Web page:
Abdominal Abscess Workup

Updated: Jun 12, 2018
  • Author: Alan A Saber, MD, MS, FACS, FASMBS; Chief Editor: John Geibel, MD, DSc, MSc, AGAF  more...
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Workup

Approach Considerations

Delayed diagnosis and treatment can lead to increased mortality and have a significant economic impact. Accordingly, an efficient and well-directed workup is important.

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Laboratory Studies

Appropriate hematologic studies should be done. Hematologic parameters suggestive of infection (eg, leukocytosis, anemia, abnormal platelet counts, and abnormal liver function) frequently are present, although patients who are debilitated or elderly often fail to mount reactive leukocytosis or fever.

Blood cultures indicating persistent polymicrobial bacteremia strongly implicate the presence of an intra-abdominal abscess. Because more than 90% of intra-abdominal abscesses contain anaerobic organisms, particularly B fragilis, postoperative Bacteroides bacteremia suggests intra-abdominal sepsis.

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Radiography

Plain abdominal radiographs, though rarely diagnostic, frequently indicate the need for further investigation. [8] Abnormalities on plain abdominal films may include a localized ileus, extraluminal gas, air-fluid levels, mottled soft-tissue masses, absence of psoas outlines, or displacement of viscera.

In subphrenic or even subhepatic abscesses, the chest radiograph may show pleural effusion, elevated hemidiaphragm, basilar infiltrates, or atelectasis.

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Ultrasonography

Ultrasonography is readily available, portable, and inexpensive. The findings can be quite specific when correlated with the clinical picture. In experienced hands, ultrasonography has an accuracy rate greater than 90% for diagnosing intra-abdominal abscesses. Bedside ultrasonography is particularly useful for immobile, critically ill intensive care unit (ICU) patients.

A drawback of ultrasonography is that marked obesity, bowel gas, intervening viscera, surgical dressings, open wounds, and stomas can create problems with definition. In addition, the quality of the procedure is operator-dependent. These disadvantages may limit the efficacy of this modality in postoperative patients.

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Computed Tomography

Computed tomography (CT) has greater than 95% accuracy and is the best diagnostic imaging method for abdominal abscess. The presence of ileus, dressings, drains, or stomas does not interfere with reliability.

For good anatomic resolution, use oral and intravenous (IV) contrast (see the images below). Oral contrast may help to differentiate a fluid-filled extraluminal structure from a normal intestine. Extravasation of oral contrast indicates a fistula or an anastomotic leak. IV contrast may enhance the abscess by concentrating the contrast material within the abscess wall. The use of oral and IV contrast may be limited by ileus, allergy to contrast material, and renal insufficiency.

Contrast-enhanced computed tomography (CT) scan of Contrast-enhanced computed tomography (CT) scan of infected pancreatic pseudocyst (which can develop from acute necrotizing pancreatitis and give rise to an abscess).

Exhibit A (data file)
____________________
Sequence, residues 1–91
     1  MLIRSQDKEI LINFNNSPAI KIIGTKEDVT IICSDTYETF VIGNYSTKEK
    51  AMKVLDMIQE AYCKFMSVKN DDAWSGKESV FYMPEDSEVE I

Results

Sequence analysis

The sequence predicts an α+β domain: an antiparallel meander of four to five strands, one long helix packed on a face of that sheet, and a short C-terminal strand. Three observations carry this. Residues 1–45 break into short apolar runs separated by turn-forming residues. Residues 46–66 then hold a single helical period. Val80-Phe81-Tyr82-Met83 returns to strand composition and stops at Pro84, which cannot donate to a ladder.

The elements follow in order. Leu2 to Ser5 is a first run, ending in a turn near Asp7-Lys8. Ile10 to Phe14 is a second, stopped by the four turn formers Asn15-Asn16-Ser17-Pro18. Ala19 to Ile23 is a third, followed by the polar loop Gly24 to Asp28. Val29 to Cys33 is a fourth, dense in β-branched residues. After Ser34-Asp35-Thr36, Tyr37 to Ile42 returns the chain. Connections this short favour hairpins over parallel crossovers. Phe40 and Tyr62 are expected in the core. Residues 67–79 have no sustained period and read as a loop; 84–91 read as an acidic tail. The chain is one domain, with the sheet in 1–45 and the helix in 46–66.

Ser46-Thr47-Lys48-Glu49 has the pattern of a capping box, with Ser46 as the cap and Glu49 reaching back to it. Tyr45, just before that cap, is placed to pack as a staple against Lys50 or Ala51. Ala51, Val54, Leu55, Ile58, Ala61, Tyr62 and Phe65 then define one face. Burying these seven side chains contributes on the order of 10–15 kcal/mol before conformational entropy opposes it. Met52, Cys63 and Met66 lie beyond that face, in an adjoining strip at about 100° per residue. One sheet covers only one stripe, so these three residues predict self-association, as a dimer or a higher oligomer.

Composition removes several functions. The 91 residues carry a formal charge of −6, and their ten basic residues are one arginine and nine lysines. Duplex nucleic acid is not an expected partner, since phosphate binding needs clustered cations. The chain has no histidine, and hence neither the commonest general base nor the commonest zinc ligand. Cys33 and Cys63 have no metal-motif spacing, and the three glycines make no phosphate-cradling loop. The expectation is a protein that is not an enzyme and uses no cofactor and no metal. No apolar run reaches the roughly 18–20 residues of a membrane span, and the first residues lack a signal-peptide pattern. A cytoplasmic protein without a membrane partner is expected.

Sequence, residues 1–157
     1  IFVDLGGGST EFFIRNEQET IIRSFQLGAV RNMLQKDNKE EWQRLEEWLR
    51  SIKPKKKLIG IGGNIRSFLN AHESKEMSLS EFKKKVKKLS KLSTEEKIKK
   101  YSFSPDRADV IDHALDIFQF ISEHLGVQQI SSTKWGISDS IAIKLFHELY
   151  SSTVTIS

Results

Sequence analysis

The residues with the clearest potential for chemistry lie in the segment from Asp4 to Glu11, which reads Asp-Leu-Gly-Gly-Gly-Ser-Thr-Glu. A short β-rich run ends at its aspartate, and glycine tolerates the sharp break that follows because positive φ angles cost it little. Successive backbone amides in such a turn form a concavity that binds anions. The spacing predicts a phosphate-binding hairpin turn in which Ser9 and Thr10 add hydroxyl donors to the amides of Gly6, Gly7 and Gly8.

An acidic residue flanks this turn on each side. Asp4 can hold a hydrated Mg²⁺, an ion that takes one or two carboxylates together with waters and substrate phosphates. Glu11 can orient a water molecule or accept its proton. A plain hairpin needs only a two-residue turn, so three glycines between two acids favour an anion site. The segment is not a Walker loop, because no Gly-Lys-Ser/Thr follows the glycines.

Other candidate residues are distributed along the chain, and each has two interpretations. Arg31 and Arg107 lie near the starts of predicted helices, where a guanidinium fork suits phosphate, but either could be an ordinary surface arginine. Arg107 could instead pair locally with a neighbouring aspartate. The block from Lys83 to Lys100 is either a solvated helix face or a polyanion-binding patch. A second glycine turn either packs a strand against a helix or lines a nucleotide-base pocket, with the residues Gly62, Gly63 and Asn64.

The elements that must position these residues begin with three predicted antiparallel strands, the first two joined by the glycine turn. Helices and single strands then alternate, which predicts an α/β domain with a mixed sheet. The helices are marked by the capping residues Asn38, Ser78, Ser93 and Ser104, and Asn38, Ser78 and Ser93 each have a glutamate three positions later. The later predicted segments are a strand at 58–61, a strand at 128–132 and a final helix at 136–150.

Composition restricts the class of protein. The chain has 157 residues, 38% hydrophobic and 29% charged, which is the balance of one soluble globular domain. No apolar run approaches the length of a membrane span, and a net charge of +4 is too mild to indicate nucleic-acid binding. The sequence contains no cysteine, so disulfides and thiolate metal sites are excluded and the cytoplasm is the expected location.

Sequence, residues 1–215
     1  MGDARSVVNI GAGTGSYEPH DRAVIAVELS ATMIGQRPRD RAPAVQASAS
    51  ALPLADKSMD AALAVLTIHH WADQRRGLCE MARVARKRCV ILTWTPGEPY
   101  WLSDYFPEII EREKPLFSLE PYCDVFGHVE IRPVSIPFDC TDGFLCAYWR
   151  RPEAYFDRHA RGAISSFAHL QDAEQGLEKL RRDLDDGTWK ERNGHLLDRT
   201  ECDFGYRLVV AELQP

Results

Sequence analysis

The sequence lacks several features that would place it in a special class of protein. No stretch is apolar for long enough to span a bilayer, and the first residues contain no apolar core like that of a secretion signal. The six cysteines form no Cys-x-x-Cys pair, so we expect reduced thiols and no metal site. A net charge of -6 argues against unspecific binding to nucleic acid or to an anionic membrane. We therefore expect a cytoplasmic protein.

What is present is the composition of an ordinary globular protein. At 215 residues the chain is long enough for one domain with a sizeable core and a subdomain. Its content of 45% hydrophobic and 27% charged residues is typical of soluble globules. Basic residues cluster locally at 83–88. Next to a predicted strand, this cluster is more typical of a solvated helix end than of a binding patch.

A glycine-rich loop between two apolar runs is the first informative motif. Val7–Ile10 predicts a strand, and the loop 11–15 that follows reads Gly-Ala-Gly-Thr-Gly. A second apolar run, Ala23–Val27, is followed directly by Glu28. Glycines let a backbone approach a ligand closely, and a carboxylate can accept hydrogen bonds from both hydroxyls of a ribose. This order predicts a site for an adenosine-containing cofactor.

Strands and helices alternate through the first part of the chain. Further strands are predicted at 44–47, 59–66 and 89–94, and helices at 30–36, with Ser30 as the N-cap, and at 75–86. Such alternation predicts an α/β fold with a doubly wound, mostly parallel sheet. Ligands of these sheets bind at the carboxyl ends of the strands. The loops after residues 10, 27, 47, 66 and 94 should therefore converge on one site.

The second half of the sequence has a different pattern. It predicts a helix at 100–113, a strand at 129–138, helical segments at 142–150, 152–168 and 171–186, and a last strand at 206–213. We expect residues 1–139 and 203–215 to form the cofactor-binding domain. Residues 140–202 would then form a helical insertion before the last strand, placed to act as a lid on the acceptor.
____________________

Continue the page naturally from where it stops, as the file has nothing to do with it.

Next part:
A 35-year-old man with a history of Crohn disease A 35-year-old man with a history of Crohn disease presented with pain and swelling in the right abdomen. Figure A shows a thickened loop of terminal ileum adherent to the right anterior abdominal wall. In figure B, the right anterior abdominal wall, adjacent to the inflamed terminal ileum, is markedly thickened and edematous. Figure C shows a right lower quadrant abdominal wall abscess and enteric fistula (confirmed by the presence of enteral contrast in the abdominal wall).

Identify any occult abscesses using serial images obtained from the diaphragm to the pelvis. The appearance of an air bubble within a fluid collection or a low-attenuation extraluminal mass is diagnostic of an intra-abdominal collection. CT can document inflammatory edema in the adjacent fat (obliteration of fat plane) and hyperemia in the abscess wall (enhancement).

Drawbacks of CT include nonportability, relative difficulty in diagnosing intraloop abscesses, and, possibly, poor patient cooperation.

Recent intra-abdominal surgery also may pose a diagnostic problem in patients in whom intra-abdominal abscesses are suspected. CT is not recommended for use in diagnosing such abscesses until approximately postoperative day 7, by which time postoperative tissue edema is reduced and nonsuppurative fluids (eg, hematoma, seroma, intraoperative irrigation fluid) should be reabsorbed. In most postoperative patients, signs of intra-abdominal abscesses do not develop within the first 4-5 days.

A literature review from the Netherlands indicated that CT is superior to graded-compression ultrasonography in the diagnosis of acute appendicitis, a potential cause of abdominal abscess. [9]

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Radioisotope Scanning

Scans using radioactive agents, such as leukocytes labeled or tagged with gallium-67 or indium-111, may localize the area of inflammation. Such scans are time consuming, and they have a substantial false-positive rate resulting from nonpyogenic inflammatory conditions, bowel accumulation of tagged leukocytes, surgical drains, and incisions.

Typically, radioisotope scans provide no pertinent information that is not found with CT. The disadvantages of these scans limit their use to cases in which intra-abdominal abscesses are strongly suspected in a patient but ultrasonography or CT has failed to provide adequate diagnostic information.

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